FIELDS v. SMITH (August 5, 2011)
Andrea Fields, Matthew (a.k.a. Jessica) Davison, and Vankemah Moaton are all inmates in the Wisconsin Department of Corrections system and are all male-to-female transsexuals. They have each been diagnosed with Gender Identity Disorder, a condition in which an individual identifies with the gender that does not match his or her own physical characteristics. Prior to 2010, each had been receiving hormonal therapy. Then Wisconsin adopted the Inmate Sex Change Prevention Act, which prohibited the Department of Corrections from using any funds to provide hormonal therapy or sexual reassignment surgery. Fields and the others brought a class action challenging the Act’s constitutionality. Chief Judge Clevert (E.D. Wis.) denied class certification but conducted a trial on the individual claims. After hearing substantial expert testimony, the court concluded that the Act violated the Eighth Amendment, both as applied and on its face. Defendants appeal.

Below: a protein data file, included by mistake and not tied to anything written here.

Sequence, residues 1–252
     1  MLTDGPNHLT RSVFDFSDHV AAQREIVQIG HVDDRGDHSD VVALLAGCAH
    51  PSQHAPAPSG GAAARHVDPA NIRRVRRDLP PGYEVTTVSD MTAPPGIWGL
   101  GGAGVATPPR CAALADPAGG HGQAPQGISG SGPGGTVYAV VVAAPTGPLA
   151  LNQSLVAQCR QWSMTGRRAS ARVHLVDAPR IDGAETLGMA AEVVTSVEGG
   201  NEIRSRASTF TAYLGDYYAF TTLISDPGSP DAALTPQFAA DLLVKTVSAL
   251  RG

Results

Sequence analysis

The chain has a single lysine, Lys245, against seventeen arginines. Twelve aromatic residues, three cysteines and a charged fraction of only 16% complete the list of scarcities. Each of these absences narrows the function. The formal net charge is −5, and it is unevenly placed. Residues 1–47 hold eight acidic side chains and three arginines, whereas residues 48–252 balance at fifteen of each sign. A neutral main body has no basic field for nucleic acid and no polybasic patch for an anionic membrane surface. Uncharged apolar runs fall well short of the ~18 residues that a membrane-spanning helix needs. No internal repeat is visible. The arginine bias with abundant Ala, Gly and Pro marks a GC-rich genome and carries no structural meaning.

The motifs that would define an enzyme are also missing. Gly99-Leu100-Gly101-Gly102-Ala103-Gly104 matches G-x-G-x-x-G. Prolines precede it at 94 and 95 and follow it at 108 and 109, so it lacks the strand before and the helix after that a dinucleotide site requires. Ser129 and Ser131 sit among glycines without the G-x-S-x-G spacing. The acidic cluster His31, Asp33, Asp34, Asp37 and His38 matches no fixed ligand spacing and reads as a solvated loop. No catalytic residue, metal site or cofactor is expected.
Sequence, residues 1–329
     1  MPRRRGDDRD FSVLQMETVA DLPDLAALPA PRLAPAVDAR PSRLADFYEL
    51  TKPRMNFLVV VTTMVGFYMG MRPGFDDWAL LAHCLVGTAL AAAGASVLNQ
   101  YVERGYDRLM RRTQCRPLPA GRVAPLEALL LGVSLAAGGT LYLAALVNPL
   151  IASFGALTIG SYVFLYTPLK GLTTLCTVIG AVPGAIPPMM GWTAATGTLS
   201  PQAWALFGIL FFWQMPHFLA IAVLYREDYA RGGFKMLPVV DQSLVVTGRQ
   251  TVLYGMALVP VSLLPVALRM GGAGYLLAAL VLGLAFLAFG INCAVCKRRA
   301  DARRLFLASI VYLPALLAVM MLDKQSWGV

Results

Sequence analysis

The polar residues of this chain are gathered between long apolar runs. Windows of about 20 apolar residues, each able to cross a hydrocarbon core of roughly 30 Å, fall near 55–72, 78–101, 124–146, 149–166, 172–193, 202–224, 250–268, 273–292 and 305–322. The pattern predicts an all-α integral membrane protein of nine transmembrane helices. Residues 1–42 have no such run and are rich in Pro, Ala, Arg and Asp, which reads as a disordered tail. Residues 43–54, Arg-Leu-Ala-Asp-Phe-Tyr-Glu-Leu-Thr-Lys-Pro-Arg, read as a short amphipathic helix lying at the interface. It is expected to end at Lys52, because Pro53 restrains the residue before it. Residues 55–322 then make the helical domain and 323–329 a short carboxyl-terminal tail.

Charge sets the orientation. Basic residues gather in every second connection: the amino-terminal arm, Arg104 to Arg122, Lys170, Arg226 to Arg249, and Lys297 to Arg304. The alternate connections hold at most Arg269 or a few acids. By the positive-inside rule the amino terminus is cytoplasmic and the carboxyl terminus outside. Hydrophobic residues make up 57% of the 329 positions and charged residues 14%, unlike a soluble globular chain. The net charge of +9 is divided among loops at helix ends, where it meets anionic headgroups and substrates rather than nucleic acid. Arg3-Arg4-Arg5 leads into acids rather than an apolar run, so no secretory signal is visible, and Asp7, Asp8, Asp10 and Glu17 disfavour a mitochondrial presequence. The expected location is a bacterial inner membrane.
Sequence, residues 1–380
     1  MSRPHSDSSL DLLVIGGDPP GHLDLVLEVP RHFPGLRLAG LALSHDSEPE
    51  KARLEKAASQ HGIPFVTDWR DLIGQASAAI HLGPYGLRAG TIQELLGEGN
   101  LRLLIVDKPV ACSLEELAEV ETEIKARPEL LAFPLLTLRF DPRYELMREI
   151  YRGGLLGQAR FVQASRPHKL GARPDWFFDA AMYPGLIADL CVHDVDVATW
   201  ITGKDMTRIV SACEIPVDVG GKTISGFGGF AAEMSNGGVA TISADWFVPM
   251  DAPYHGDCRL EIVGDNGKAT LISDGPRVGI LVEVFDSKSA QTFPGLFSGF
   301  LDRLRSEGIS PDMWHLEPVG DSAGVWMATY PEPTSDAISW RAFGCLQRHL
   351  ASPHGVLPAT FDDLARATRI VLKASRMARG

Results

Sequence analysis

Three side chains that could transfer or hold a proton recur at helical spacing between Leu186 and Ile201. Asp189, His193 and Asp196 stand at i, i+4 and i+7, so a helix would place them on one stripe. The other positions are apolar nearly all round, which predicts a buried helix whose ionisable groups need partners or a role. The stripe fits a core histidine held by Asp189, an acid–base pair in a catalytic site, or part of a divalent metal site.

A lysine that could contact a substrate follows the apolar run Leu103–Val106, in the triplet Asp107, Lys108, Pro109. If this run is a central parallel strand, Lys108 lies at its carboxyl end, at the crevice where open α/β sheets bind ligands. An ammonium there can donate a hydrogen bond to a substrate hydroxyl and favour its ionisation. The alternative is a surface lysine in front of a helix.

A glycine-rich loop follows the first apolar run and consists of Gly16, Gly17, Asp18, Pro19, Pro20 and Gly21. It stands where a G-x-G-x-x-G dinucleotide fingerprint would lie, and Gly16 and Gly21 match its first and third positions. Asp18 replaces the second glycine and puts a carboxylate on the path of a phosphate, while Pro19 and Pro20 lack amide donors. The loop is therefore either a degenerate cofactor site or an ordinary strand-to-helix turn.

In their opinion, Seventh Circuit Judges Rovner and Wood and District Judge Gottschall affirmed. The Eight Amendment prohibits cruel and unusual punishment. Prison officials violate it when they display "deliberate indifference" to prisoners' medical needs. The Court conceded that two cases, one from 1987 and one from 1997, provide some support for defendants’ views that hormone therapy and sexual reassignment surgery are not required by the Eighth Amendment. The Court noted, however, that the support came from dicta or short comments that were based on certain assumptions pertaining to cost and the availability of alternative treatments. Now, years later, the district court heard expert testimony concerning those assumptions. The defendants concede that GID is a serious medical condition, do not contend that the Act’s prohibitions are defensible on a cost savings basis, and they presented no evidence that an alternative treatment could accomplish similar results. The trial evidence established that hormone therapy was the only effective treatment for plaintiffs' condition. Denying the only effective treatment for a serious medical condition violates the Eighth Amendment. The Court also rejected the defendants’ argument that prison security was a sufficient reason to ban the treatments. Finally, the Court concluded that the district court did not abuse its discretion in finding the Act facially unconstitutional.